Impact of Farmer Field Schools on Agricultural Productivity and Poverty in East Africa
Kristin Davis (),
Ephraim Nkonya (),
R. Miiro and
World Development, 2012, vol. 40, issue 2, 402-413
The authors used a longitudinal impact evaluation with quasi-experimental methods to provide evidence on economic and production impact of a farmer field school (FFS) project in East Africa. FFSs were shown to have positive impact on production and income among women, low-literacy, and medium land size farmers. Participation in FFS increased income by 61%. Participation in FFS improved agricultural income and crop productivity overall. This implies that farmer field schools are a useful approach to increase production and income of small-scale farmers in East Africa, and that the approach can be used to target women and producers with limited literacy.
Keywords: farmer field schools; extension; East Africa (search for similar items in EconPapers)
References: View references in EconPapers View complete reference list from CitEc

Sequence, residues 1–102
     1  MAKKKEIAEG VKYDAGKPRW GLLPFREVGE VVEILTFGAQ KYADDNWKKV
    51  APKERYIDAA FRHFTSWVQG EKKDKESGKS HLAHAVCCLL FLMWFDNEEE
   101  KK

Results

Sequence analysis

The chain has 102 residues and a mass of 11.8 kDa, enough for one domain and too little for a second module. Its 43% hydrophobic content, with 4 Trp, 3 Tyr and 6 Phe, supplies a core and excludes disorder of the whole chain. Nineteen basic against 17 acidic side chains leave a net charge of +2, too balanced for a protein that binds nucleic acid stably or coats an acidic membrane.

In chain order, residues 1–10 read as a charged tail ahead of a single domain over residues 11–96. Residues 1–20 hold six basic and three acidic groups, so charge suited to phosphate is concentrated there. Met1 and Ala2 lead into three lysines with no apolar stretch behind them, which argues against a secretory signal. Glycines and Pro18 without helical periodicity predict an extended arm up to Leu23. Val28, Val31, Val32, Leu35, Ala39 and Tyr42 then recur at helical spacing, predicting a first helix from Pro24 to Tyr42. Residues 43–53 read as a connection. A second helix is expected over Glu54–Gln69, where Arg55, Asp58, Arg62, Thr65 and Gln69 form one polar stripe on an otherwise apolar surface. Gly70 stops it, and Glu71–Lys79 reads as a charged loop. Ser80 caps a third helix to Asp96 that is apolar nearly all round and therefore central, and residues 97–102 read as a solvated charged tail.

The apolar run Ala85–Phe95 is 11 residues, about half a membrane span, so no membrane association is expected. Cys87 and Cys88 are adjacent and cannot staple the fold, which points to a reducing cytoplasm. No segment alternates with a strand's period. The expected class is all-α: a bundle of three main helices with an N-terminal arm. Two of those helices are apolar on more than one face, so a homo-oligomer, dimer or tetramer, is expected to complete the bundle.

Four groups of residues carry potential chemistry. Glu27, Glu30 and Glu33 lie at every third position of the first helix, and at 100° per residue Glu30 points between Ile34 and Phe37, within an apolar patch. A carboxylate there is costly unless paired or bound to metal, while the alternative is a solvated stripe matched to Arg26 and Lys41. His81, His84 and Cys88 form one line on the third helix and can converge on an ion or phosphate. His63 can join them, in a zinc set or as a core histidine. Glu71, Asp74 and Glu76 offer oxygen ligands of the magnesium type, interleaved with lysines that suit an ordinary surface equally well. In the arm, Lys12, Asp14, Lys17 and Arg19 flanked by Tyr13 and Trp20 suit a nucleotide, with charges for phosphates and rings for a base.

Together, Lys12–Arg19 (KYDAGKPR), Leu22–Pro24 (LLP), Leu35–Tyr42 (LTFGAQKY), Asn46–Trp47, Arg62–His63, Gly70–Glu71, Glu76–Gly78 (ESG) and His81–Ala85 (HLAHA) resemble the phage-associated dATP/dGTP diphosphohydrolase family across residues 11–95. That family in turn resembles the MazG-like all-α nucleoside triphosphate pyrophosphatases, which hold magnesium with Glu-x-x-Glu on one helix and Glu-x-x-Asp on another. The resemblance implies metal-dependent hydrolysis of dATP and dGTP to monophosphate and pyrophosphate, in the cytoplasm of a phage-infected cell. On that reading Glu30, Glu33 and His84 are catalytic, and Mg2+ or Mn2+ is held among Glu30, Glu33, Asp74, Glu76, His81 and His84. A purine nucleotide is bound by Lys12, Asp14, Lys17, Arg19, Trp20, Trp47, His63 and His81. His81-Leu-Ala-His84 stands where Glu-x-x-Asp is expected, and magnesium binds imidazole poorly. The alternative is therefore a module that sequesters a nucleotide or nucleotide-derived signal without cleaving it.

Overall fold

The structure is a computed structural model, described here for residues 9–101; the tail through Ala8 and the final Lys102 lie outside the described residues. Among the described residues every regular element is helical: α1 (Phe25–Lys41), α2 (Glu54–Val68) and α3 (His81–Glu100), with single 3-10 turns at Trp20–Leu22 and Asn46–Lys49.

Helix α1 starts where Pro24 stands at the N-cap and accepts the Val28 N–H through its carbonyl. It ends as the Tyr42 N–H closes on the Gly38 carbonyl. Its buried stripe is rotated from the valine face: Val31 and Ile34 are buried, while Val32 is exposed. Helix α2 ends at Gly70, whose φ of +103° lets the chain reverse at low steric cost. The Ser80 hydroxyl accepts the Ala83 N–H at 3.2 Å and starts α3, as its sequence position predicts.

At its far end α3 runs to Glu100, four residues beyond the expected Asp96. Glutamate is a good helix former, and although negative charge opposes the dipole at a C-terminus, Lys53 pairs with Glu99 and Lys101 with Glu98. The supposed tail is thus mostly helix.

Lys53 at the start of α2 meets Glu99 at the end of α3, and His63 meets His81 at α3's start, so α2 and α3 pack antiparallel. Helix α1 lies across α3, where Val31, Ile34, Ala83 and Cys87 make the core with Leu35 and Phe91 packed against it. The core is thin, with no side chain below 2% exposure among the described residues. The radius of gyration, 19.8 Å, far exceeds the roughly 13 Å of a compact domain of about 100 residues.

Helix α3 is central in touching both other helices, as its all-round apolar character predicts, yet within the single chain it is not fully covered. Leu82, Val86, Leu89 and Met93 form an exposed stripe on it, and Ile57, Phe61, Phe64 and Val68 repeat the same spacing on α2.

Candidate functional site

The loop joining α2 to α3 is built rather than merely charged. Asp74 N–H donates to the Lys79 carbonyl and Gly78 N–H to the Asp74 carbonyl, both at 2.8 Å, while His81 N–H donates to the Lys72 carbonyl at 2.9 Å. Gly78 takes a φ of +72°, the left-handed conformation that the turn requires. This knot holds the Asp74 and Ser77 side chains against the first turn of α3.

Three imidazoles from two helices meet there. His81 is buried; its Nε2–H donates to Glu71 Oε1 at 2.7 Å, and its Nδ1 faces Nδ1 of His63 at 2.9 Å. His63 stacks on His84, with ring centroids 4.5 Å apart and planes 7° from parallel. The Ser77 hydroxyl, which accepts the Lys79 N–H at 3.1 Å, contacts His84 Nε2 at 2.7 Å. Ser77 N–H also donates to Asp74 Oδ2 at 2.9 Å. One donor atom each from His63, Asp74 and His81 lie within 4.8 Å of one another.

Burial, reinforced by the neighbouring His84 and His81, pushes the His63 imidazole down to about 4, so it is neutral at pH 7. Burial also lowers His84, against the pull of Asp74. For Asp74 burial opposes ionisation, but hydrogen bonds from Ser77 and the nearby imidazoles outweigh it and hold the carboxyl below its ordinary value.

Citations: View citations in EconPapers (62) Track citations by RSS feed
Downloads: (external link)
Full text for ScienceDirect subscribers only
Working Paper: Impact of farmer field schools on agricultural productivity and poverty in East Africa (2010)
This item may be available elsewhere in EconPapers: Search for items with the same title.
Export reference: BibTeX
RIS (EndNote, ProCite, RefMan)
Persistent link: https://EconPapers.repec.org/RePEc:eee:wdevel:v:40:y:2012:i:2:p:402-413
Access Statistics for this article
World Development is currently edited by O. T. Coomes
More articles in World Development from Elsevier
Bibliographic data for series maintained by Nithya Sathishkumar ().